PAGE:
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 Shetland Fleece
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Zack2849
Warming Up

USA
79 Posts

Posted - 10/26/2005 :  2:11:34 PM  Show Profile  Send Zack2849 a Yahoo! Message Send Zack2849 a Private Message
Hi Crew!

I have a lovely Shetland fleece (lamb, ewe) that I picked up at the NY Sheep and Wool Fest....nonetheless, it was sheared just a couple of weeks ago and the fibers move nicely in the grease.

With that said, I'm considering spining the fleece in the grease...any suggestions, recommendations or general thoughts about this - before I begin. I haven't spun any quanity in the grease.

Thanks,
Joe

RoseByAny
Permanent Resident

USA
12598 Posts

Posted - 10/26/2005 :  2:19:35 PM  Show Profile  Visit RoseByAny's Homepage Send RoseByAny a Private Message
Spin some and see how you like it! Some folks love spinning in the grease, some hate it. I don't care for it in most instances because my hands feel dirty after...

"Choose your friends by their character and your socks by their color. Choosing your socks by their character makes no sense, and choosing your friends by their color is unthinkable."
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Zack2849
Warming Up

USA
79 Posts

Posted - 10/26/2005 :  5:47:19 PM  Show Profile  Send Zack2849 a Yahoo! Message Send Zack2849 a Private Message
Since this one's very clean and freashly sheared, it's full of lanolin and my hands were really soft after a trial spin.

With my sample, it seemed that I found myself needing to put more twist. Perhaps it a product of the lanolin 'faking me out' that I thought I had more twist than I really did.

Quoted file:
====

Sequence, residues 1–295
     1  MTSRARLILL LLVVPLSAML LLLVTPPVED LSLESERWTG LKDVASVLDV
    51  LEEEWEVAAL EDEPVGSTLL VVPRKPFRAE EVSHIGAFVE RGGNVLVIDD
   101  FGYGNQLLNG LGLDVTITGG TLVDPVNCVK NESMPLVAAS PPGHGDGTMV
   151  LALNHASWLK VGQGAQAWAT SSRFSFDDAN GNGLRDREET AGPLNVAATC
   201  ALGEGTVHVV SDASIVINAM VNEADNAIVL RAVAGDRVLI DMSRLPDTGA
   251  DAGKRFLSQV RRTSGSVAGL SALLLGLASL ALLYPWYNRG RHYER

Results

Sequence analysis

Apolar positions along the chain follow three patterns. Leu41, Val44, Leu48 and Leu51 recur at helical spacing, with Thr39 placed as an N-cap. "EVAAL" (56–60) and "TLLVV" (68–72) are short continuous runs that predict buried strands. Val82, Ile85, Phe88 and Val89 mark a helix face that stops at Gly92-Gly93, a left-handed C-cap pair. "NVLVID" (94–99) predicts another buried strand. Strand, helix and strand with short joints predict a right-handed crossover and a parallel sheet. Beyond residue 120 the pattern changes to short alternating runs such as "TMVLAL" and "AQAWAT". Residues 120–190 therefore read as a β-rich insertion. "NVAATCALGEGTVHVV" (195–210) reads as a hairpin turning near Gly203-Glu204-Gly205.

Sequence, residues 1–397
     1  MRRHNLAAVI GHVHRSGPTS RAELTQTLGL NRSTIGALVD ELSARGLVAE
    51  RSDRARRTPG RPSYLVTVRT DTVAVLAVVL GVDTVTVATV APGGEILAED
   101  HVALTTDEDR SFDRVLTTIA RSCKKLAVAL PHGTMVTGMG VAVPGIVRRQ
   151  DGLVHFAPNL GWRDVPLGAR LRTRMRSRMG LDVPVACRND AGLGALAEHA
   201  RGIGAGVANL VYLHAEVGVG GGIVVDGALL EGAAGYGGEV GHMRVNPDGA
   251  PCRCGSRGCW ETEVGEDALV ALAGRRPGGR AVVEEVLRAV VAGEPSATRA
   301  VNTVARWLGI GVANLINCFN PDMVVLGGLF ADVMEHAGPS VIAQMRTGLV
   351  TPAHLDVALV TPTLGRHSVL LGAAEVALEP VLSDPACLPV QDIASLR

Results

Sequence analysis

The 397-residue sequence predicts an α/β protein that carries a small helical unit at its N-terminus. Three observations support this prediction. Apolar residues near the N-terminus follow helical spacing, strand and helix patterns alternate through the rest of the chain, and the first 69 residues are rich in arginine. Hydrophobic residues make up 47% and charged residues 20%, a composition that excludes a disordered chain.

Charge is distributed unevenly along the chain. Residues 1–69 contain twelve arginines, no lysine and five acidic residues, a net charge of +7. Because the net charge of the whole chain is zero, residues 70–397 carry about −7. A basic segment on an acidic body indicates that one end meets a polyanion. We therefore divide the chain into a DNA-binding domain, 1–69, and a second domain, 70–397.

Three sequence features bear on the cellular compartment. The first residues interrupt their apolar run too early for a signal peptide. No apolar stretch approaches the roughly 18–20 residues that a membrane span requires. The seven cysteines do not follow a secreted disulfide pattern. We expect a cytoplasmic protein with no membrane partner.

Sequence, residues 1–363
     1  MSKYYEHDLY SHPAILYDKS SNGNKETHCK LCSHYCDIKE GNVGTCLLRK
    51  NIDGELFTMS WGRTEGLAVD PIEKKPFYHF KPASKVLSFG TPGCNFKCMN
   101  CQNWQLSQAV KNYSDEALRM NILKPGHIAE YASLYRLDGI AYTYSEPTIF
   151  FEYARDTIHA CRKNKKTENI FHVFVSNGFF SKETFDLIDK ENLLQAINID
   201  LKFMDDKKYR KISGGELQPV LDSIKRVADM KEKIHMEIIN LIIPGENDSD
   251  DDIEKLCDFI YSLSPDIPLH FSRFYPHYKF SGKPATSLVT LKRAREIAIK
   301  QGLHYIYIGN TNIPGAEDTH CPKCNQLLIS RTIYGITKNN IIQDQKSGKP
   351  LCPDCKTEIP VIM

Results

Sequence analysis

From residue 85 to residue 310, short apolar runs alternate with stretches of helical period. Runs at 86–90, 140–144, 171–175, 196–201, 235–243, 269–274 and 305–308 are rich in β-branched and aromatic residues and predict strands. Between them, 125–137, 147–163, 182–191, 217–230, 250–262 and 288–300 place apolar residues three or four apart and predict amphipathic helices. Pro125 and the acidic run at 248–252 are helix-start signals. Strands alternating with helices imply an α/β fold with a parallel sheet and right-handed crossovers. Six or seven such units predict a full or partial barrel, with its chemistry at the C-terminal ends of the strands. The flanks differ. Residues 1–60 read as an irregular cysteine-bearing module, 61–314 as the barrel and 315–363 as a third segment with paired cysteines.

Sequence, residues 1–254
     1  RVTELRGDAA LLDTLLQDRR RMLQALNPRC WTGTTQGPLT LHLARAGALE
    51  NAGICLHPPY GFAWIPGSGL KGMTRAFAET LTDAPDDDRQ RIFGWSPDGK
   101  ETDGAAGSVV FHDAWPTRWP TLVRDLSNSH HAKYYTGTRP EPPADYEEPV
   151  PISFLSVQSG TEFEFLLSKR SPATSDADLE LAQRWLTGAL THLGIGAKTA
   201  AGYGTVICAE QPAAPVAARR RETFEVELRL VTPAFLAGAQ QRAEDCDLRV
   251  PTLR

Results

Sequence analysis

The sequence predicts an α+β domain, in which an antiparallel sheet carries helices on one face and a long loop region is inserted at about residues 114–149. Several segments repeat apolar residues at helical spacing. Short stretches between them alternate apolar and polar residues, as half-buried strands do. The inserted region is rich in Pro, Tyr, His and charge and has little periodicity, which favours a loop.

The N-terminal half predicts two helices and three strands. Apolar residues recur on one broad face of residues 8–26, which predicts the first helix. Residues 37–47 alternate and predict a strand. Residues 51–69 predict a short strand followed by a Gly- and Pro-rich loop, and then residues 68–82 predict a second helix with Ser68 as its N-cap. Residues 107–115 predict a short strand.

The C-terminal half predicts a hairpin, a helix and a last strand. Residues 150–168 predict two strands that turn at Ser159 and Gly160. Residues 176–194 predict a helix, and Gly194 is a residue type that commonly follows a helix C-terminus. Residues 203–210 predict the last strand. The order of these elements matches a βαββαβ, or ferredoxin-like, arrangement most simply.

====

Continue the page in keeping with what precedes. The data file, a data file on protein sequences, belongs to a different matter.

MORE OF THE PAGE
I finished my swatch....it's really softer than I thought it would be...very pleased with that and what a nice loft. It spins like a dream. Since I only have 2lbs. of it I welcome any suggestions and project ideas.

Thanks!
Joe
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petiteflower
Chatty Knitter

USA
297 Posts

Posted - 10/26/2005 :  6:18:40 PM  Show Profile Send petiteflower a Private Message
I have only spun in the grease enough to make the yarn for one pair of socks. The wool was very clean looking and I was pretty new to spinning and had always heard of spinning in the grease as something that was groovy, a lot of "in the grease" yarn was spun up during that revival period that spinning went through in the late sixties and early seventies. So, hey, let's give this a whirl and maybe save all that trouble of washing the wool beforehand! Yep.

But think about it. The cleanest looking raw wool is still loaded with DIRT and very dirty dirt it is. Raw fleece has lain in or very near manure, it is loaded with dusty dirt that clings to the lanolin and other grease. I don't want that getting caught up in my yarn. It doesn't all wash out of yarn like it does out of raw fleece.